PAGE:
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Date:	Tue, 20 Feb 2007 21:00:30 +0300
From:	Evgeniy Polyakov <johnpol@....mipt.ru>
To:	Eric Dumazet <dada1@...mosbay.com>
Cc:	"Michael K. Edwards" <medwards.linux@...il.com>,
	David Miller <davem@...emloft.net>, akepner@....com,
	linux@...izon.com, netdev@...r.kernel.org, bcrl@...ck.org
Subject: Re: Extensible hashing and RCU

On Tue, Feb 20, 2007 at 06:53:59PM +0100, Eric Dumazet (dada1@...mosbay.com) wrote:
> > > I've attached source code and running script.
> > > $ ./run.sh
> >
> > Yep, of course.
> 
> Your test program is just bogus. artefacts come from your 'random' generator.
> 
> You just increment a counter, assuming the key you search is not in the table 
> yet.

No, that part is commented, but it does not matter.

> But obviously with only a variation of sport (16 bits), you have a maximum of 
> 65536 values. No need to feed 100*2^20 values are most of them are dups.
> 
> Now if you change your program to do a real lookups with the 2^16 possible 
> values of sport you'll see :

No need to change something - I showed that in some cases jenkins ends
up with a huge problem. If test will be changed, or solar will be turned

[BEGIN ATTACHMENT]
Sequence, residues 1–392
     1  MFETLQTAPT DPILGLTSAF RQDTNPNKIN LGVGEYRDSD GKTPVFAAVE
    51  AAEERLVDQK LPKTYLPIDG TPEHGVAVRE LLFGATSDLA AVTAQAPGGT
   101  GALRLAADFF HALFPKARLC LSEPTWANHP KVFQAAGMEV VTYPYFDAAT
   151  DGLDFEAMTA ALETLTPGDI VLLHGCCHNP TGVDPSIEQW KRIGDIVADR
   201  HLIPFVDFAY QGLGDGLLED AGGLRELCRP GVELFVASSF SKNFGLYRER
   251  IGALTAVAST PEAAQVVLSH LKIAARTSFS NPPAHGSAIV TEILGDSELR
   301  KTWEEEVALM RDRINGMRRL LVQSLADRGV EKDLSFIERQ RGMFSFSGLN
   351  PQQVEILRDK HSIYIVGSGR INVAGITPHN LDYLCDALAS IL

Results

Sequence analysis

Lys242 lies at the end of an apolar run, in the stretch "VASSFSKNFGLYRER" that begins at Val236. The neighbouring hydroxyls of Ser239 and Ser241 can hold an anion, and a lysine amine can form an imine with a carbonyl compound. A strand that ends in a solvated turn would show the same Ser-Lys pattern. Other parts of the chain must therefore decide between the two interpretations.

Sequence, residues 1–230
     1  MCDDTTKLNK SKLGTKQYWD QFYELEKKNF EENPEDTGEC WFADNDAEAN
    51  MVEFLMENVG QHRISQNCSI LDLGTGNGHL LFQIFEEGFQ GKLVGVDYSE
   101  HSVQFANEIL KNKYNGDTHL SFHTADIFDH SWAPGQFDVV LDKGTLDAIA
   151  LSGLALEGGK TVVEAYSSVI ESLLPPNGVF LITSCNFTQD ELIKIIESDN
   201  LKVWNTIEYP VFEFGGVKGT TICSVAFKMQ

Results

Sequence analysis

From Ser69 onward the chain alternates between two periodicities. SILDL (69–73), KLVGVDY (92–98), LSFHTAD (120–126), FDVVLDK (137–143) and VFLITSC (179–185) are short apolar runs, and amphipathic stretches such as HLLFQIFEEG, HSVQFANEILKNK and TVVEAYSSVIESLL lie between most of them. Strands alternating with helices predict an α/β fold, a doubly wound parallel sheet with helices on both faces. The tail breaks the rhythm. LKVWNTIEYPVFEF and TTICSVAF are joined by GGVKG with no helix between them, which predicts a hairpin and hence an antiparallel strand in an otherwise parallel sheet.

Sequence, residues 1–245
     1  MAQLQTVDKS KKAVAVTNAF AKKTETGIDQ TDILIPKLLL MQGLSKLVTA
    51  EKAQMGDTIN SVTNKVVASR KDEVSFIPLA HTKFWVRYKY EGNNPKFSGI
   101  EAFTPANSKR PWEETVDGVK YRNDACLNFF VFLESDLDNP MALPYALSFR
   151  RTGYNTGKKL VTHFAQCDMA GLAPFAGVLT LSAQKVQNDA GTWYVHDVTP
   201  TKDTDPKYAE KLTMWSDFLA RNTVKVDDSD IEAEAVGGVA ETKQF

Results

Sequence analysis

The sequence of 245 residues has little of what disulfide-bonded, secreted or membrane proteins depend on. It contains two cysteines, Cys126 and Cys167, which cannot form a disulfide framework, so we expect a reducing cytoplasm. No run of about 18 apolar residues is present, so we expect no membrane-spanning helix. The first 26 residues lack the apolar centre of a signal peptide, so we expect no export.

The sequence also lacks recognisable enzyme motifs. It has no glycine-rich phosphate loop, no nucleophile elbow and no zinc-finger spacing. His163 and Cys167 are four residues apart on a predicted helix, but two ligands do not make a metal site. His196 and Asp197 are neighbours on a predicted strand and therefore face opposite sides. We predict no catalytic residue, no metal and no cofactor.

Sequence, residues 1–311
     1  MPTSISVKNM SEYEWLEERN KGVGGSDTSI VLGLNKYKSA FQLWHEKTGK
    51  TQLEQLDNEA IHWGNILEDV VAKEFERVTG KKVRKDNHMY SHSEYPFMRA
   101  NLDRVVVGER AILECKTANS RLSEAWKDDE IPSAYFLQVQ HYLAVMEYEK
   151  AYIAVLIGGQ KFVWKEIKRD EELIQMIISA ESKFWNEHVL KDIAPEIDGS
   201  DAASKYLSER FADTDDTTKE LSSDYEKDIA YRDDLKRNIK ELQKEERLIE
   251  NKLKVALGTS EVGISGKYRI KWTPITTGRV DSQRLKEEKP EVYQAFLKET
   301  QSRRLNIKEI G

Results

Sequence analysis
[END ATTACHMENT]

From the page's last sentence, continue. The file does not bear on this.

off, things will behave good, but as is they behave very bad.

> jhash function :
> 1 61578
> 2 1916
> 3 42
> 
> that is : 61578 chains of length 1
> 1916 chains of length 2
> 42 chains of length 3
> 
> (for reference, with HASH_FOLD, about same results :
> 1 61692
> 2 1856
> 3 44
> 
> Pretty good results... for the gain jhash gives us.
> 
> Of course, XOR hash gives a 'perfect' 65536 chains of length 1.

As you can see, jhash has problems in a really trivial case of 2^16,
which in local lan is a disaster. The only reason jenkins hash is good
for hashing purposes is that is it more complex than xor one, and thus
it is harder to find a collision law. That's all.
And it is two times slower.

-- 
	Evgeniy Polyakov
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